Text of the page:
What We Saw at MWC 2012
We saw much that we liked at this year's Mobile World Congress, including superfast phones and high-resolution tablets. The good included quad-core smartphones, large tablets with up to 2GB of memory, and even an impressive 41-megapixel (yes, you read that correctly) phone camera. But, as well, a few things were disappointing, or just didn't make sense.
Let's start with Nvidia's Tegra 3 chip.
Tegra 3 Phones Are Finally Here
At long last, Nvidia's Tegra 3 quad-core processor has arrived on smartphones. Four phones at the Mobile World Congress ran Nvidia's "four-plus-one" core chipset: the HTC One X, the LG Optimus 4X, the ZTE Era, and the Fujitsu Ultra High Spec Smartphone.
Interestingly, the U.S. version of the HTC One X will have a Qualcomm S4 chip instead of the Tegra 3 processor, as the latter is not compatible with current LTE radios. Still, it's exciting to see some progress in the quad-core world, and hopefully, when the Tegra 3 does become compatible with LTE networks, we'll get some 4G quad-core phones stateside.
Mozilla's Boot to Gecko
Mozilla has been working hard on a project code-named Boot to Gecko, which is now referred to as the Open Web Devices platform. Boot to Gecko is a completely Web-based platform written in HTML 5, but you'd never be able to tell.
The whole thing is just one big browser, with Web apps functioning like native phone apps--it behaves exactly like a standard phone operating system. Boot to Gecko isn't a new OS, it's a new way to bring inexpensive Web-based phones to market.
Image Credit: XDA-Developers
Phone Makers Get Serious About Cameras
Many of the phone makers at the show placed a huge emphasis on camera technology, especially in regards to High Dynamic Range (HDR) and low-light photography. With more and more people using their smartphones as their primary cameras, this is great news. HTC's One X, One S, and One V cameras will come with the HTC ImageChip and ImageSense software, which has an almost no-lag shutter speed, an f2.0 aperture, and a handful of different shooting modes--including High Dynamic Range (HDR) and Panorama.
The Nokia 808 PureView (shown) has a 41-megapixel sensor. Like most high-end Nokia phones, the 808 uses Carl Ziess optics, plus a new pixel-oversampling technology. You don’t necessarily need to use all 41 pixels in your photos; you can switch between standard resolutions like 2/3, 5, and 8-megapixels. But having those extra megapixels at hand means you can capture an image, zoom in, reframe, and crop without any noise or pixelation.
MIA: Windows 8 for Phones
While Windows 8 certainly looks a whole lot like Windows Phone, Mobile World Congress had no mention of Windows 8 on smartphones. Windows 8 itself is quite impressive, so the lack of announcements regarding phones with that OS was a bit of a disappointment in this mobile-centric show.
Huawei Ascend D Quad and Quad XL Smartphones
Huawei made a splash at the show with not one, but two, quad-core Android phones. The D Quad and D Quad XL both have 1280-pixel-by-720-pixel touchscreens, which look bright and vivid. Inside, both phones use Huawei's K3V2 quad-core 1.2-GHz and 1.5-GHz processors, and have 1GB of RAM and 8GB of ROM memory.
Samsung Galaxy Beam Phone With Projector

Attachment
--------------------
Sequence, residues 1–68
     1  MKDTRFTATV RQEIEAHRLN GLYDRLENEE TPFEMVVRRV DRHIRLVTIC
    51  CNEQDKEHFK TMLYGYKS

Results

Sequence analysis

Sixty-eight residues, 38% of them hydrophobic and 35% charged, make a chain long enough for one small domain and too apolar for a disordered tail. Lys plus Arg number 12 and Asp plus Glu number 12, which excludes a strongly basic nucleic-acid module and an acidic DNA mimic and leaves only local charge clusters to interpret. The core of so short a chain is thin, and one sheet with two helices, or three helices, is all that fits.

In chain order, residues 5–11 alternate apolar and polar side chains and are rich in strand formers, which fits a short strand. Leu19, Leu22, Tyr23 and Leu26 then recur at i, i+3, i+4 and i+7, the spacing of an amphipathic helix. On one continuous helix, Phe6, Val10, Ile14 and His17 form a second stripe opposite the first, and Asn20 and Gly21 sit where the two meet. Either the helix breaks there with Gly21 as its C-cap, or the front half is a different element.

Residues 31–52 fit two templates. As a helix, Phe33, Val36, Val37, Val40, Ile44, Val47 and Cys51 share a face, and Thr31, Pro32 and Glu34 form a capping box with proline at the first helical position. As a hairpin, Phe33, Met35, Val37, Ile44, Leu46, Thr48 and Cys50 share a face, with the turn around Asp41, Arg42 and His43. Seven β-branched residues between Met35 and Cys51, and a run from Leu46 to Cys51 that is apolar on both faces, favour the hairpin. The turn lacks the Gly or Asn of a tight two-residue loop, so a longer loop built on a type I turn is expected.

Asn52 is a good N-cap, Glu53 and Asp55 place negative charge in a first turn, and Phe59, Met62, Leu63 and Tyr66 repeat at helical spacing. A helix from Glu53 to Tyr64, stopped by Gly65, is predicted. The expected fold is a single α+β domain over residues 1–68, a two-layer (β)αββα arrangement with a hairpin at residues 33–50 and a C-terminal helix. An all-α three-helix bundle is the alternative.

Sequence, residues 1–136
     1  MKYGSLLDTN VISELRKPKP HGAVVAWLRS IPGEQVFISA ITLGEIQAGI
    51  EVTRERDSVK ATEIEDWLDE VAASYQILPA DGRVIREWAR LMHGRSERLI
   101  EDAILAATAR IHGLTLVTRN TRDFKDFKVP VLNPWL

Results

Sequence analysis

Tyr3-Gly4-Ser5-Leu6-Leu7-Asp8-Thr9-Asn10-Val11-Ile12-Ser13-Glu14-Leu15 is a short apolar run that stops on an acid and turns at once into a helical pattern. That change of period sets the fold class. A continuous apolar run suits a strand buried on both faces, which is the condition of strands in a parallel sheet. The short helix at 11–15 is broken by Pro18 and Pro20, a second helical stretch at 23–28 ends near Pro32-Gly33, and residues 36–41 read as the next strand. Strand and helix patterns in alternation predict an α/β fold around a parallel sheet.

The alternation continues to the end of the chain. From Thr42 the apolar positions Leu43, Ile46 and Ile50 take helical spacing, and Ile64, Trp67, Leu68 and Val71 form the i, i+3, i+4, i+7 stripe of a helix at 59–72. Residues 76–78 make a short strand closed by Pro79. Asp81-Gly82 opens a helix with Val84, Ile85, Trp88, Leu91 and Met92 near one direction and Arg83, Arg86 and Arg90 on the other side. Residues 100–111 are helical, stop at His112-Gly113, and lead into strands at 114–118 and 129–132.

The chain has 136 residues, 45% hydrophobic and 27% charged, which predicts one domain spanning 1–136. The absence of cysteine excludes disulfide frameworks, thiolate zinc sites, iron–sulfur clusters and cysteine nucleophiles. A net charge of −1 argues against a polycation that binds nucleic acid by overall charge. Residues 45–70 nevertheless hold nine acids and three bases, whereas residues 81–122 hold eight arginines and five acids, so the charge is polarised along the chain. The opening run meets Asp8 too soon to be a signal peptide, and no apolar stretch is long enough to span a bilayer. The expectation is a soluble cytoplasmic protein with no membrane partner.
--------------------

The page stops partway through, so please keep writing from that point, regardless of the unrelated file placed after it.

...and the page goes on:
Projector phones (and mobile projector accessories) have been around for some time, but they tend to be on the chunky and not-so-attractive side. The Samsung Galaxy Beam measures only 0.49 inches thick while packing a 15-lumen projector. That's impressive, considering that most pico projector accessories sold today are only 10 or 12 lumens bright.
Asus Transformer Pad Infinity Series
Take the high-end Asus TF7001 introduced at CES 2012, add a Qualcomm 8960 Snapdragon S4 CPU and an optional LTE radio, and you've got the next cutting-edge tablet from Asus. The Transformer Pad Infinity's screen will have 1920-pixel-by-1200-pixel resolution.
ZTE's 15-Product Launch--Not Coming to the U.S.?
ZTE launched a total of 15 products at its press conference--but most of them will never see the light of day in the United States. Aside from the quad-core ZTE Era, however, it was hard to distinguish the differences among the Chinese company's multiple tablets and smartphones.
Samsung Galaxy Note 10.1
This stylish slate combines the Galaxy Note's stylus with a more functional, 10.1-inch screen. Samsung provides a slew of pen-optimized apps to get you started, and promises more to come. Artists, writers, and pen-lovers alike will appreciate this tablet--we just wish the screen had a higher resolution.
Huawei MediaPad 10 FHD
Huawei has some big designs on where it wants to go in international markets, and products like the MediaPad 10 FHD should help immensely. This tablet's design is basic but appealing, and the slate has a whopping 2GB of memory inside--the most we've seen on a tablet. It will be interesting to see how the extra memory helps this tablet perform.
The Wireless Power Consortium pushed wireless charging at MWC. The consortium showed off some cool demos of a mobile phone charging through a transparent handbag (pictured), as well as a custom-designed cradle for high-end cars. We can't wait for more manufacturers to bring wireless charging to the United States.
Toshiba Thrive 7.7
Though not officially announced at MWC, the Toshiba Thrive 7.7 got its moment in the spotlight at Nvidia's booth. And rightly so: This model has a high-resolution 7.7-inch display and a stylish design that includes pleasingly contoured volume buttons.
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